Encourage your child to dream!
Have a loved one who is considering going to college? This is probably exciting, scary, and confusing all at once. This page is dedicated to resources related to preparing your loved one (we will use child for the most part, but we know not all of you are parents) for college. To start, watch the below 2-minute video to meet some current college students with intellectual disabilities.
How can I help my child prepare for college?
Skills for college: Preparing for college goes beyond academic preparation. It includes skills for socialization, independence, self-advocacy, using assistive technology, managing money, connecting with adult service agencies, and more. UCCS's Office of Inclusive Service has a Top 10 Tips Sheet which gives specific activity ideas to help your student develop the skills for college. Download Top 10 Tip Sheet.
Talking about college: Talking to your child about college can make a big impact. It's possible your child might not know college is an option for them. Or, they might be thinking about college, but haven't shared that desire with anyone. Having an open conversation about college is a great place to start! If you're not sure how to start the conversation, we have a page designed for prospective students. Consider checking it out in tandem with your prospective student.
Including college in the IEP: If your child desires to go to college, this should be part of their individualized education plan (IEP). Beyond including college as a goal, talk to your student's team about specific goals that will help your student prepare for college. Inclusive higher education might be new to your child's teacher or case manager. You might have a little educating to do with them, but hopefully our resources will help - you're welcome to share anything you find on this site that might be helpful.
Conducting a college search: When it comes to the college search, ask your student about what they hope to study, where they want to work and live, and what sort of clubs and activities interest them. These can all be great ways to start figuring out what school might be best for them. If possible, consider visiting or touring the college campuses you are considering. This can give students a better idea of what college is all about. While you're on campus, you might set up time to meet with the inclusive higher education office and/or talk to some current students. Download a guide to assist in conducting a college search.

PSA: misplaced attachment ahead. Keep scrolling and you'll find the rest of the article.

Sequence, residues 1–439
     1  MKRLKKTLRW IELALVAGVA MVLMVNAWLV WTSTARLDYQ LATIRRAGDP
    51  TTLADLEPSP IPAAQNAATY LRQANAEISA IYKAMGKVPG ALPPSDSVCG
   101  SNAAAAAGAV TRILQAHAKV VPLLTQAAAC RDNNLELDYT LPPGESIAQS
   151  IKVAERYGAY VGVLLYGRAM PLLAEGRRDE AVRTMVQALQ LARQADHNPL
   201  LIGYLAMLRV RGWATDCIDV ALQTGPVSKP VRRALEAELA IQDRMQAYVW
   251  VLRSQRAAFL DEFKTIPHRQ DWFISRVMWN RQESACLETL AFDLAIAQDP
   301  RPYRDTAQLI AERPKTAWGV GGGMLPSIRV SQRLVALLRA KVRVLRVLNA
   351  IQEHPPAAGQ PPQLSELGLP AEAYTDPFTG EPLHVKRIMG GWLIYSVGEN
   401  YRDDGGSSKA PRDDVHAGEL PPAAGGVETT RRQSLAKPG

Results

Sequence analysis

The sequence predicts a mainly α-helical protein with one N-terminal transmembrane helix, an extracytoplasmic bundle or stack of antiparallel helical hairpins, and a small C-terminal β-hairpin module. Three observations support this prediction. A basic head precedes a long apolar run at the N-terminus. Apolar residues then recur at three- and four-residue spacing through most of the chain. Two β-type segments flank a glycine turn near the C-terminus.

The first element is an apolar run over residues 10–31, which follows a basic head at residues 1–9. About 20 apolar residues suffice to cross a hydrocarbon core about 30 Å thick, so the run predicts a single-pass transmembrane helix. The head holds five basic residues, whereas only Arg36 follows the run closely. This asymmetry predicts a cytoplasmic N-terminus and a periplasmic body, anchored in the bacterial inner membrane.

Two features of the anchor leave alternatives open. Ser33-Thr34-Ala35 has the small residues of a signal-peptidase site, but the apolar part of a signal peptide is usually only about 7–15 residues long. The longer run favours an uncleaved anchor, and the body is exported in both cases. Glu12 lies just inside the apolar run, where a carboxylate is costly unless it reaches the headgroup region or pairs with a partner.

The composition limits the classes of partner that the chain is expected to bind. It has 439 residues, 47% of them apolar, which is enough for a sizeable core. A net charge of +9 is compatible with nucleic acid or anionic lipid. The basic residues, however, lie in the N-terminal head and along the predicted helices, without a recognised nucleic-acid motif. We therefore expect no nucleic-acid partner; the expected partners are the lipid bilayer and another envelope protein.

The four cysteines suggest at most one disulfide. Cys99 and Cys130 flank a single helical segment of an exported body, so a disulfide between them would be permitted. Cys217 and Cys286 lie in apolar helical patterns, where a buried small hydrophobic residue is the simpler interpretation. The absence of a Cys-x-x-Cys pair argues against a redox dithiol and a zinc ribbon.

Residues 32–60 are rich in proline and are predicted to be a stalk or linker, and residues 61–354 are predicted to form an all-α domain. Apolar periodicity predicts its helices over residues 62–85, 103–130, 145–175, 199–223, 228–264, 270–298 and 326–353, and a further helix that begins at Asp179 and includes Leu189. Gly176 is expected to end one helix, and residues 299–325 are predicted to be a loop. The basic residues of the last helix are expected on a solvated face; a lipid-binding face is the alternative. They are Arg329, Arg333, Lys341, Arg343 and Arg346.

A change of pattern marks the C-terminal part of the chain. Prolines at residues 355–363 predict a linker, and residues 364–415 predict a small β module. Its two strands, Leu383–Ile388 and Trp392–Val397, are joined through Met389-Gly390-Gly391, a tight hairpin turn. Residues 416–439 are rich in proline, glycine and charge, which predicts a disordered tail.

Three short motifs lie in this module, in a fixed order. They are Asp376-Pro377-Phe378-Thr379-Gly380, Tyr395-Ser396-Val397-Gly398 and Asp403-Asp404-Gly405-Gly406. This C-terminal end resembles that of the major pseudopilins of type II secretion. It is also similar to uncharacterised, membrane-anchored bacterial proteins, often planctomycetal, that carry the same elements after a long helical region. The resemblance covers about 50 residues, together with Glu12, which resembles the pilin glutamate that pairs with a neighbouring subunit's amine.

Shifting from advocate to advisor: A lot changes between high school and college, including your role as a parent. The student is primarily responsible for advocating for their own needs, while your role shifts more into that of an advisor. You are someone they can come to ask for guidance, but ultimately the student is the one who will have to ask professors and others on campus for help. Many parents can't believe the changes in independence their student undergoes their first year of college - it can be scary, but also really exciting! Learn about the transition from high school to college.
Monthly newsletter: IN! sends monthly emails with resources about college options for students with intellectual disabilities. We also share stories about current college students, upcoming events, and more. Join our mailing list.
Webinars: Each month we host a general overview webinar about inclusive higher education in Colorado. We also have webinars that take a deeper dive into specific aspects of preparing for college. See our upcoming events.
One-on-one meeting: We offer one-on-one meetings to talk about more specific questions you might have about inclusive higher education. Set up a time to meet.
Financial resources: We often receive questions about paying for college. Students with intellectual disabilities can access many of the traditional financial resources for college, but may also be able to use some disability specific funding streams. Visit our financial resource page here.
Student stories: Sometimes you just need a reminder that college really can be possible for your loved one. That's totally understandable. Check out some student stories here.
Think College: Think College is a national organization with lots of other resources and a list of inclusive higher education options across the country. Visit Think College's website.